Genetic and environmental factors contribute to the etiology of neural tube defects (NTDs). While periconceptional folic acid supplementation is known to significantly reduce the risk of NTDs, folate metabolic pathway related factors do not account for all NTDs. Evidence from mouse models indicates that the tumor protein p53 (TP53) is involved in implantation and normal neural tube development. To determine whether genetic variation in the TP53 might contribute to NTD risk in humans, we constructed a high resolution linkage disequilibrium (LD) map of the TP53 genomic region based on genotyping 21 markers in an Irish population. We found that nine of these variants can be used to capture the majority of common variation in the TP53 genomic region. In contrast, the 3-marker haplotype commonly reported in the TP53 literature offers limited coverage of the variation in the gene. We used the expanded set of polymorphisms to measure the influence of TP53 on NTDs using both case-control and family-based tests of association. We also assayed a functional variant in the p53 regulator MDM2 (rs2279744). Alleles of three noncoding TP53 markers were associated with NTD risk. A case effect was seen with the GG genotype of rs1625895 in intron 6 (OR = 1.37 [1.04-1.79], p=0.02). A maternal effect was seen with the 135/135 genotype of the intron 1 VNTR (OR = 1.86 [1.16-2.96], p=0.01) and the TT genotype of rs1614984 (RR = 0.58 [0.37-0.91], p=0.02). As multiple comparisons were made, these cannot be considered definitive positive findings and additional investigation is required.
neural tube defects; spina bifida; p53; TP53; MDM2; linkage disequilibrium
Both environmental and genetic factors are involved in the etiology of neural tube defects (NTDs). Inadequate folate intake and obesity are important environmental risk factors. Several folate-related genetic variants have been identified as risk factors; however, little is known about how genetic variants relate to the increased risk seen in obese women. Uncoupling Protein 2 (UCP2) is an attractive candidate to screen for NTD risk because of its possible role in obesity as well as energy metabolism, type-2 diabetes, and the regulation of reactive oxygen species. Interestingly, a previous study found that a common UCP2 compound homozygous genotype was associated with a threefold increase in NTD risk.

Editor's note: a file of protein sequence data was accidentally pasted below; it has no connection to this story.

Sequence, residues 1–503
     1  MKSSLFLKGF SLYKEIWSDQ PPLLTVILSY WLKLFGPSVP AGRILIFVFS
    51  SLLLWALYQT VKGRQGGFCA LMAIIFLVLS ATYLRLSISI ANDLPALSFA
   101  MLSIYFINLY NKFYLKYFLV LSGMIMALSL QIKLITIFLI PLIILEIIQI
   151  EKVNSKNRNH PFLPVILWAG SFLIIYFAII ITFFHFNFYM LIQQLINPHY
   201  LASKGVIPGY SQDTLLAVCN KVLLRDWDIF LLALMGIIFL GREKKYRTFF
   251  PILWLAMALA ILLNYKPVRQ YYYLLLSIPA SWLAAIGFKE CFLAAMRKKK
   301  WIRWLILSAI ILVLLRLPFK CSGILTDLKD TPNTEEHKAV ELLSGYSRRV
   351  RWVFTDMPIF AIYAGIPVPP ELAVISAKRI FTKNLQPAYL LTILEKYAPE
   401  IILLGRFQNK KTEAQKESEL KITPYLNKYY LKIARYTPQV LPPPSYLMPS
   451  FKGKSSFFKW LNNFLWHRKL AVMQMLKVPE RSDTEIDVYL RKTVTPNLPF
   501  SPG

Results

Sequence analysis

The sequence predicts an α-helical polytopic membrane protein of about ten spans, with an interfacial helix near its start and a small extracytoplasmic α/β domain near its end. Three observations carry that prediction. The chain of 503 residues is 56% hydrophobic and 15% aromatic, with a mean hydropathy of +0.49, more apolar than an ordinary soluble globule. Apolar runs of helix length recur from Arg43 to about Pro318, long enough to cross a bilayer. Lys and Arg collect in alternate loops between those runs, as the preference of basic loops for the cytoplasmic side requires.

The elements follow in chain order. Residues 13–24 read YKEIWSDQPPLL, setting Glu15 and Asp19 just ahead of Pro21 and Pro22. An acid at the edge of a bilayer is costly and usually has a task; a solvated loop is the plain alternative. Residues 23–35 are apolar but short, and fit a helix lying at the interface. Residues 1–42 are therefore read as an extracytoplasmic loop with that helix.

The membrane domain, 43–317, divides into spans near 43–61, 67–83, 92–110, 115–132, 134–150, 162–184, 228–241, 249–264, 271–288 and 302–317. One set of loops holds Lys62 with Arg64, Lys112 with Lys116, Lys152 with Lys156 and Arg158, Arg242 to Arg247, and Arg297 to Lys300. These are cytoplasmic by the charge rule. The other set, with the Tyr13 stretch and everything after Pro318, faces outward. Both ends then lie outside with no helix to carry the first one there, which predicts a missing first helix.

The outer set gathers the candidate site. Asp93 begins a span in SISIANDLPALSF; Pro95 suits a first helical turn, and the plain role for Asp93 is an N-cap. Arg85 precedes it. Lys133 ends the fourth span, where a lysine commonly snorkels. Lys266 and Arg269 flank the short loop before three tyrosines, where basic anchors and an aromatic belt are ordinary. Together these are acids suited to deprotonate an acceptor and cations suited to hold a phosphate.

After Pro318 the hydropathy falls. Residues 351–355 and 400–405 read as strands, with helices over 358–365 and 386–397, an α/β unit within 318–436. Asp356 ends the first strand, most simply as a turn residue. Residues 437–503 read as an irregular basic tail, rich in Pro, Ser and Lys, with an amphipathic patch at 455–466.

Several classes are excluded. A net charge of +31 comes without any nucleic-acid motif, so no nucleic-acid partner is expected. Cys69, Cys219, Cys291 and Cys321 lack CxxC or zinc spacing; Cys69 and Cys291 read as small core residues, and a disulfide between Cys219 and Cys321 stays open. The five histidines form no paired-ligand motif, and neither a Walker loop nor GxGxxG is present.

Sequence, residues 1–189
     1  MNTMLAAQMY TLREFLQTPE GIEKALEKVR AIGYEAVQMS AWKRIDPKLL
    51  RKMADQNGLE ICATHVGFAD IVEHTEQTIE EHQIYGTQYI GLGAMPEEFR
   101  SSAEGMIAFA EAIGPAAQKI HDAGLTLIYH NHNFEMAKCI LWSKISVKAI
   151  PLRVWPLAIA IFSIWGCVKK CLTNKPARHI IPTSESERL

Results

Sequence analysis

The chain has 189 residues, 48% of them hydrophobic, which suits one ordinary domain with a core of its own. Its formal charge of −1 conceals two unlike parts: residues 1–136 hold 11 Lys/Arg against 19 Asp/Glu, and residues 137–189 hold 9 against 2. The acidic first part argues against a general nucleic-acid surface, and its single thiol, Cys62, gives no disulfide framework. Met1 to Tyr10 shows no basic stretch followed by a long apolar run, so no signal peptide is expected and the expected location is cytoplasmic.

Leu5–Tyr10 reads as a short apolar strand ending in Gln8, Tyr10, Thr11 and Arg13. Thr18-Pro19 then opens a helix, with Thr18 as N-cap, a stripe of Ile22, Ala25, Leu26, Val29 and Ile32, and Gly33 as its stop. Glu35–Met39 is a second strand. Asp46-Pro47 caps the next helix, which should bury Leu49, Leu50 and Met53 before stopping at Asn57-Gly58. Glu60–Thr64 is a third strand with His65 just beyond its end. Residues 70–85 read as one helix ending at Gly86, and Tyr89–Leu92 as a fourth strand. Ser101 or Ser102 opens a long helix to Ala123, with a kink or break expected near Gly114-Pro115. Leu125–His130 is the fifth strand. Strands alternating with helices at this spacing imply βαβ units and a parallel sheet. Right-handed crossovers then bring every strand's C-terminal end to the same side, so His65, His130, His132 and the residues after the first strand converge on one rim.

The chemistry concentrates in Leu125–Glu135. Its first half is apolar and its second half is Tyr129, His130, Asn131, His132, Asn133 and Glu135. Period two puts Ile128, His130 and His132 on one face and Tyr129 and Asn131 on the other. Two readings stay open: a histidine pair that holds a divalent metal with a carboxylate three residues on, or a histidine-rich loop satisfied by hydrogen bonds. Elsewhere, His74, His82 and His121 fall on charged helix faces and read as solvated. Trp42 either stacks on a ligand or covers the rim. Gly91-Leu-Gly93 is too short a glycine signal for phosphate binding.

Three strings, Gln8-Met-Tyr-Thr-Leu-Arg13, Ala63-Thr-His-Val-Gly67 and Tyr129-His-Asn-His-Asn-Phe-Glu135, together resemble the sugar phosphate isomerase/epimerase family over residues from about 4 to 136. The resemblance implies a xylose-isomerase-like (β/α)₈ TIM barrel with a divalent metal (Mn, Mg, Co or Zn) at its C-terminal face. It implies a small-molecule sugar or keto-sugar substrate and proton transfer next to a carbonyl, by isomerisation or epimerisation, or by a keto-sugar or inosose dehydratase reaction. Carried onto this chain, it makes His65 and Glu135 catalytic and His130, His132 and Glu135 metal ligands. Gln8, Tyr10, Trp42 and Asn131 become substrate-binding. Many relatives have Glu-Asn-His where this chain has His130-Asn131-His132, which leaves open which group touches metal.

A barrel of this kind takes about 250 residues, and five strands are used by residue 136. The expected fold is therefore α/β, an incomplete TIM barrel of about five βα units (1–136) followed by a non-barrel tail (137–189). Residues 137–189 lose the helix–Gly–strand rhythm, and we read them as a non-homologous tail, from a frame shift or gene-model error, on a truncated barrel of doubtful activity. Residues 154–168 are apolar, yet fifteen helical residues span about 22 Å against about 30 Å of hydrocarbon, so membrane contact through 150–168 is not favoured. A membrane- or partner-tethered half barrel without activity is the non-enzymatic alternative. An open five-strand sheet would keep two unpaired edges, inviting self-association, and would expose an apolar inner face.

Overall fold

We evaluated three polymorphisms, −866G>A, A55V, and the 3′UTR 45bp insertion/deletion, as risk factors for NTDs in Irish NTD cases (N=169), their mothers (N=163), their fathers (N=167) and normal control subjects (N=332).
Allele and genotype frequencies were not significantly different when comparing NTD mothers, NTD fathers, or affected children to controls. Additionally, the previously reported risk genotype (combined homozygosity of 55VV and 3′UTR 45bp deletion/deletion) was not present at a higher frequency in any NTD group when compared to controls.
In our Irish study population, UCP2 polymorphisms do not influence NTD risk. Moreover, the prevalence of this allele in other populations was similar to the Irish prevalence but far lower than reported in the previous NTD study, suggesting that this previous finding of an association with NTDs might have been due to an unrepresentative study sample.
neural tube defects; spina bifida; UCP2; obesity
Cleft lip with or without cleft palate (CLP) and cleft palate only (CPO) have an inherited component and, many studies suggest, a relationship with folate. Attempts to find folate-related genes associated with clefts have, however, often been inconclusive. This study examined four SNPs related to folate metabolism (MTHFR 677 C→T, MTHFR 1298 A→C, MTHFD1 1958 G→A, and TC II 776 C→G) in a large Irish population to clarify their relationship with clefts.
Cases and their parents were recruited from major surgical centers performing cleft repairs in Ireland and a support organization. Data on risk factors, medical history, and DNA were collected. Controls were pregnant women from the greater Dublin area (n = 1,599).
CLP cases numbered 536 and CPO cases 426 after exclusions. CPO mothers were significantly more likely than controls to be MTHFR 677 TT, OR 1.50 (95% CI: 1.05–2.16; p = .03). Log-linear analysis showed a borderline association (p = .07). Isolated CPO case mothers were significantly more likely than controls to be homozygous for the MTHFD1 1958 G→A variant, OR 1.50 (95%CI: 1.08–2.09; p = .02). When multiple cases were added, both CPO cases and case mothers were significantly more likely to be AA (p = .02 and p = .007, respectively). The CLP case-control and mother-control analyses also showed significant effects, ORs 1.38 (95% CI: 1.05–1.82; p = .03) and 1.39 (95% CI: 1.04–1.85; p = .03), respectively.
Associations were found for both CPO and CLP and MTHFD1 1958 G→A in cases and case mothers. MTHFR 677 C→T could be a maternal risk factor for clefts but the association was not strong. Because multiple comparisons were made, these findings require additional investigation. Given the known association between MTHFD1 1958 G→A and NTDs, these findings should be explored in more detail.
cleft lip; cleft palate; oral clefts; folate; folate genes; vitamin B12; transcobalamin gene